Home Economy News “Encouraged” by recent data, Fed’s Kugler eyes rate cut later this year

“Encouraged” by recent data, Fed’s Kugler eyes rate cut later this year


By Dan Burns and Ann Saphir

(Reuters) – Inflation is exhibiting encouraging signs of cooling, U.S. Federal Reserve Governor Adriana Kugler said on Tuesday, and although it is still too high, as long as economic conditions continue moving in “the right direction” it will be appropriate to cut interest rates later this year.

While more progress is required on moving inflation back to the Fed’s 2% target, “I believe economic conditions are moving in the right direction,” Kugler said in the prepared text of a speech titled “Some Reasons for Optimism about Inflation.”

“If the economy evolves as I am expecting, it will likely become appropriate to begin easing policy sometime later this year,” said Kugler, who described the Fed’s current interest rate setting as “sufficiently restrictive” to cool activity and lower inflation.

Her comments were her first public remarks since last week’s Fed policy meeting, when the central bank kept its benchmark interest rate in the 5.25%-5.50% range. The Fed also released updated economic projections that showed its officials had pared back their expectations for rate cuts this year, to one from the three seen in March, after stronger-than-expected inflation data in the first months of 2024.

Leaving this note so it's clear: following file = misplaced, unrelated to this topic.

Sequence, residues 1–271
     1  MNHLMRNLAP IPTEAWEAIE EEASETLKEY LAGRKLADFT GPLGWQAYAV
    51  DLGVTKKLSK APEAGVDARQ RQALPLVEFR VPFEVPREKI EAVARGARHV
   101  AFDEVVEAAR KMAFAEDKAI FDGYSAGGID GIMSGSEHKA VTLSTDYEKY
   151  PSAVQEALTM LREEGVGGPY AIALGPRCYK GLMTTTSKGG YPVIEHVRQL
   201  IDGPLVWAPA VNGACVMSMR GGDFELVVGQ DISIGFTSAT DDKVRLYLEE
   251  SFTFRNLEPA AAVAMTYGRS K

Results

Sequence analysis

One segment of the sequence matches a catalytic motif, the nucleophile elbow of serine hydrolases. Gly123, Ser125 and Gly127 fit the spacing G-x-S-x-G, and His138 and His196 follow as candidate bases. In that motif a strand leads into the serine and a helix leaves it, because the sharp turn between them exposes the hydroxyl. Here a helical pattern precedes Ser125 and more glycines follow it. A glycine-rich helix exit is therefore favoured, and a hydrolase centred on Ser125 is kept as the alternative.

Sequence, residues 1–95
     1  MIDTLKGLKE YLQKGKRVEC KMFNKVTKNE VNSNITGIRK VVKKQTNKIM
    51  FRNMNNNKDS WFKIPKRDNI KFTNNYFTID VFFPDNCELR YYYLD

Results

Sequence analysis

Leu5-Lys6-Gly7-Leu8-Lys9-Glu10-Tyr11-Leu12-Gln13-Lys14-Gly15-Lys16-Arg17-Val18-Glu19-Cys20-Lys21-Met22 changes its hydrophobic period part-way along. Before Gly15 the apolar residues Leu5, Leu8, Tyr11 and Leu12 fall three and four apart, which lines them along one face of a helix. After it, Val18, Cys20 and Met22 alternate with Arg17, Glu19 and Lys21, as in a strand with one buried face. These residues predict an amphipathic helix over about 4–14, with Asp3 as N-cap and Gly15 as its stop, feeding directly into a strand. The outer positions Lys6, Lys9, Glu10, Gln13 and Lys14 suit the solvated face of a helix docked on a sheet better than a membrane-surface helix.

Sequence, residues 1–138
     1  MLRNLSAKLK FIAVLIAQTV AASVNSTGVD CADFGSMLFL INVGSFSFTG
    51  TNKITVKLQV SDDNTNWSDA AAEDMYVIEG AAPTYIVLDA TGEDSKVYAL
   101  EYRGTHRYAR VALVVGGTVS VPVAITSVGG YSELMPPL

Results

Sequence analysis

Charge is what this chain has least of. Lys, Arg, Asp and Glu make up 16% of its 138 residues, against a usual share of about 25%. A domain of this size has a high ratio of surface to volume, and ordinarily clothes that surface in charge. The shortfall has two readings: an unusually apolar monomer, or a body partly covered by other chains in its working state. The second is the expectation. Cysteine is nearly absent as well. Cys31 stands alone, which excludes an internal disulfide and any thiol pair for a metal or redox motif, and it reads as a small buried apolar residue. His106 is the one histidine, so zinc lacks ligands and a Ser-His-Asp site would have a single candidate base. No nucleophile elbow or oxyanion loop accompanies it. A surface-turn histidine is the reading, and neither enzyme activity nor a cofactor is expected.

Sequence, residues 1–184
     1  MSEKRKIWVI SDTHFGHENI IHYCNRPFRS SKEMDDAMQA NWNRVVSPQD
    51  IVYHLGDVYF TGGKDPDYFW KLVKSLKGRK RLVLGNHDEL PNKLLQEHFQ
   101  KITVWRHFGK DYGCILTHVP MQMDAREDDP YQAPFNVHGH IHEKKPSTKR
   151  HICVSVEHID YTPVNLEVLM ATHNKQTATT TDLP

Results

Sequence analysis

Most analysts equate fewer rate cuts with a later start to them, particularly after Fed Chair Jerome Powell said the first rate cut will be “consequential” because it could reset market expectations.

“As I stand here today, inflation remains too high, but I am encouraged by the overall progress and trajectory. Recent data on the economy and inflation also give me cautious optimism that we are on track and making continued headway” toward the Fed’s 2% inflation goal, said Kugler, who last spoke publicly about the economic and policy outlook more than two months ago.

“That progress may have paused in the first three months of the year, but information since then on economic activity, the labor market, and inflation points to renewed progress.”

Kugler cited several factors about inflation that are supporting her optimism, including indications of smaller price markups, less frequent price changes, stable inflation expectations and anecdotes from businesses that price increases are becoming harder to push through as consumers become more price sensitive and exhibit “trading down” behavior.

“These various indicators – markups, price adjustment frequency, inflation expectations, and anecdotes from a range of sources – suggest that, on balance, price-setting behavior is likely to continue to move closer to consistency with the (Federal Open Market Committee’s) inflation target,” she said.

To that she added optimism that productivity may continue to improve thanks to the wave of new business formations and the push by firms to invest in artificial intelligence capabilities.

Demand is also showing signs of softening, she said, noting that the weaker-than-expected retail sales report for May published earlier on Tuesday “may be another signal that the long-expected deceleration in consumer spending may finally be upon us.”

The labor market is also moving into better balance, she noted.

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